Think back to this off-season. The Rangers had accumulated what they thought was a fairly deep bullpen and saw fit to trade the presumed setup man, Frank Francisco for a catcher with questionable defensive chops but a penchant for launching deep bombs and taking walks.
The thing is, Mike Napoli was considered merely a good hitter at that point of his career. When people talked about Napoli's offensive game, their analysis was filled with caveats.
"Oh, he hits well... for a catcher."
"He can platoon against lefties! A new Francouer, everybody!."
It turns out Mike Napoli's a lot better than anyone gave him credit for. If he had enough at-bats to qualify, his .973 OPS would rank 3rd in all of baseball. His .418 wOBA (Weighted on Base Average, a stat which presents an overall offensive picture, even taking into account things like base-running) would put him in a third place tie with Joey Votto on the leaderboards.
2011 has spawned career highs in almost every aspect of his game. But what's causing this kind of surge? Let's take a deeper look.
Napoli spent the first five years of his career with the Angels. Los Angeles' ballpark is a certified cavern which suppresses offense, especially home runs. Napoli has a career line of .248/.343/.493 in the Angels' stadium, poor considering his career averages and the natural advantage of playing at home. For reference's sake, Napoli's a .286/.388/.592 hitter in Arlington.
In fairness, though, those numbers are skewed by his success this year. So let's move on from park factors and take a look at what's fueled this year's dominant play.
Napoli's what's classically known as a "Three True Outcomes" hitter. He hits a lot of home runs, elicits more than his fair share of walks -- and strikes out in bunches. Over his career, he's posted an 11.3% walk rate and a 24.7% strikeout rate. The former is good. The second is quite poor.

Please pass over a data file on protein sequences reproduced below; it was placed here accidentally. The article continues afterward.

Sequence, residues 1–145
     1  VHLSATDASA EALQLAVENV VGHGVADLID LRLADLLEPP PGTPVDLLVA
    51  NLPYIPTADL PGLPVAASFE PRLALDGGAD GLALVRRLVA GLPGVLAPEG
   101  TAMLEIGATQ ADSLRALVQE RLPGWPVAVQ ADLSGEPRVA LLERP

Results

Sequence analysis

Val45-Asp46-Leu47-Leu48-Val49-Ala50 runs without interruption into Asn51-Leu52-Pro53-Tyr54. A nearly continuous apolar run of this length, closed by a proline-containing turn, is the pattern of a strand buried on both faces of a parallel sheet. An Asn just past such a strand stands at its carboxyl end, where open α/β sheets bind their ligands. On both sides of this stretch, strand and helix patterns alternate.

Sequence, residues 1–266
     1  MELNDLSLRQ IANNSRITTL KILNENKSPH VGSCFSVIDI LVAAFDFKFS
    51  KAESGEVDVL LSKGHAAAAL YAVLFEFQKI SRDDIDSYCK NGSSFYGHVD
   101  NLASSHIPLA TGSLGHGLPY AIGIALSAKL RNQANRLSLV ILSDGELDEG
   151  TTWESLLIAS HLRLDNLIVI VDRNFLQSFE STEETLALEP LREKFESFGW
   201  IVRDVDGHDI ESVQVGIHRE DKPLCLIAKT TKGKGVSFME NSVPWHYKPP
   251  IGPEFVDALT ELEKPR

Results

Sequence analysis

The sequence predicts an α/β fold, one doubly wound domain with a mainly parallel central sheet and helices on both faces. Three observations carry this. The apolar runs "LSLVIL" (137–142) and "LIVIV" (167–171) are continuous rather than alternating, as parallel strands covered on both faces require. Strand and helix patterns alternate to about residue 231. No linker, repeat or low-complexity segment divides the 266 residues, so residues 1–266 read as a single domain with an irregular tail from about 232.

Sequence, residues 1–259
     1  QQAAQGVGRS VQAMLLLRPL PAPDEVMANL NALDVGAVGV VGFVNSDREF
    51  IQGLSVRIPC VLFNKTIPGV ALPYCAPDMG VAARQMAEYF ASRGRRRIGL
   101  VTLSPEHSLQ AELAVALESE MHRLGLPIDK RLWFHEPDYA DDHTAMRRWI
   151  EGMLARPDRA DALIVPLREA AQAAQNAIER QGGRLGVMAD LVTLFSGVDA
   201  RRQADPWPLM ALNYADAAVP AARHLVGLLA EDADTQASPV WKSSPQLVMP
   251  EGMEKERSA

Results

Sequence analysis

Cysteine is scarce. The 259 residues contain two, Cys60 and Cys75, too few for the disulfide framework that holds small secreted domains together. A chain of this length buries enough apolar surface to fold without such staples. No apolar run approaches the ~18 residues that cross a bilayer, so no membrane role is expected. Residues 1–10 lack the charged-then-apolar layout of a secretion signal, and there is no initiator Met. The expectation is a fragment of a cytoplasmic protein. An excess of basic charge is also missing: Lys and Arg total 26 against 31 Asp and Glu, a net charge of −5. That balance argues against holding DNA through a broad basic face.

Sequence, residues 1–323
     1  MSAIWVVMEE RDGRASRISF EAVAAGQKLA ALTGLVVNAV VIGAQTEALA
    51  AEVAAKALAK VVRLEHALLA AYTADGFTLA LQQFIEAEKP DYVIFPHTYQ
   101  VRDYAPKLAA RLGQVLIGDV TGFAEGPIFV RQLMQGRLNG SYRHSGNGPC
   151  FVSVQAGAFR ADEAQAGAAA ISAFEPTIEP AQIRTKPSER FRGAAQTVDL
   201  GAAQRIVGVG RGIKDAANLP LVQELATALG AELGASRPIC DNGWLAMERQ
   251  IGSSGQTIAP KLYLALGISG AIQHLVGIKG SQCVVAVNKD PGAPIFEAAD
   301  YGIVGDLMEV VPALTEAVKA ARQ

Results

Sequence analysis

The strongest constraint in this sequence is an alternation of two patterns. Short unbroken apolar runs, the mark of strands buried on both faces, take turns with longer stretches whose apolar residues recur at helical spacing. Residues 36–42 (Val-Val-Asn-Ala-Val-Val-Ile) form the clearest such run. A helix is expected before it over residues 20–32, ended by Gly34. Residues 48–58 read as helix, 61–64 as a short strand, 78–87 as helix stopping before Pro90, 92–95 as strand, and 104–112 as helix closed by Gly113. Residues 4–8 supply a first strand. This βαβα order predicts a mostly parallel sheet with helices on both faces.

This year: 12.4% walks, 19.4% strikeouts. It may not seem huge, but that's a big year-to-year difference.
One big cause for all this: Napoli's seemingly become better at hitting the ball. He's making contact with 65% of balls thrown outside the zone -- a 10% gain over his career averages. This doesn't necessarily lead to weakly hit balls -- in many cases, it shows he's able to spoil a tough pitch and extend the at-bat. It's likely the reason for the lower strikeout rate. More proof in the pudding: His overall swinging strike rate has fallen from 11.9% to 10.8%, a significant cut. If pitchers can't make a hitter whiff, it's much harder for them to strike him out - they need to locate precise, deceptive pitches on the corners of the zone.
Napoli hits into a lot of fly-balls, has an average line drive rate and pops up a little more than average. His 2011 batted balls fall pretty closely in line with the career norms, beside a slightly lower pop-up rate. His batting average on balls in play remains a little lower than usual, meaning there's actually reason to believe Napoli's actually been a little unlucky so far.
Finally, the most important factor of the batted-ball equation: How much power is Napoli showing?
A good way to figure that out is dividing home runs by fly balls. Keep in mind this is the number most affected by the move from California to Texas; fly balls are more prone to clear the fences in Arlington than they are in Los Angeles. Napoli's gone yard on 22.3% of his fly balls this year. Over his career, he's jogged the bases on only 18.8% (Still a huge number.)
More fun with numbers: Napoli's home run rate would rank fourth in all of baseball if he qualified. It would outstrip the raw power numbers of Curtis Granderson, Matt Kemp, Prince Fielder and Ryan Howard.
It's clear Napoli's improved multiple aspects of his game. But there's no sure explanation for what caused the leap in Napoli's contact ability. One possible explanation, which would also cover why he's looked a lot better behind the plate than he ever did with the Angels: He's simply happier and more comfortable than he was in Los Angeles.
Angels manager Mike Scioscia was never a big fan, usually playing Jeff Mathis over Napoli. Mathis is a strong contender in any competition aimed at finding the worst regular player in MLB. Some context: Mathis' OPS is 114 points lower than Mike Napoli's Slugging Percentage.
Additionally, Napoli has nabbed 9 of 21 potential base-stealers this season. Jeff Mathis has caught 16.... of 59.
Getting out from under a manager who was never comfortable with him seems to have done wonders for Napoli. Credit should also be given to the Rangers' front office, who identified a perfect fit for the team's ballpark, offense and defensive depth and dealt a seemingly redundant (and currently struggling) player for him. Napoli won't keep this up; he's not one of the five best hitters in baseball. But he's a legitimate star, and should be a huge resource for the Rangers until his contract expires in 2012. At that point, the money he's offered could get scary.